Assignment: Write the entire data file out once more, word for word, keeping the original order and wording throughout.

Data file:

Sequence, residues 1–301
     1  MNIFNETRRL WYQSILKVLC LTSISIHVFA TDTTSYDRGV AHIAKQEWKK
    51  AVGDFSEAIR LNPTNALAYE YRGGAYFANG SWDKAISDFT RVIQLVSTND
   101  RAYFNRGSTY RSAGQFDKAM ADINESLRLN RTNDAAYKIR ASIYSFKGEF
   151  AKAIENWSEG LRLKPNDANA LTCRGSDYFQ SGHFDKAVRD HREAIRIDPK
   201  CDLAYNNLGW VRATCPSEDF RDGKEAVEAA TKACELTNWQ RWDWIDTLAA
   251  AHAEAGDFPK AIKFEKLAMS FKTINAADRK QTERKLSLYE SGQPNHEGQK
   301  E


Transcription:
Sequence, residues 1–301
     1  MNIFNETRRL WYQSILKVLC LTSISIHVFA TDTTSYDRGV AHIAKQEWKK
    51  AVGDFSEAIR LNPTNALAYE YRGGAYFANG SWDKAISDFT RVIQLVSTND
   101  RAYFNRGSTY RSAGQFDKAM ADINESLRLN RTNDAAYKIR ASIYSFKGEF
   151  AKAIENWSEG LRLKPNDANA LTCRGSDYFQ SGHFDKAVRD HREAIRIDPK
   201  CDLAYNNLGW VRATCPSEDF RDGKEAVEAA TKACELTNWQ RWDWIDTLAA
   251  AHAEAGDFPK AIKFEKLAMS FKTINAADRK QTERKLSLYE SGQPNHEGQK
   301  E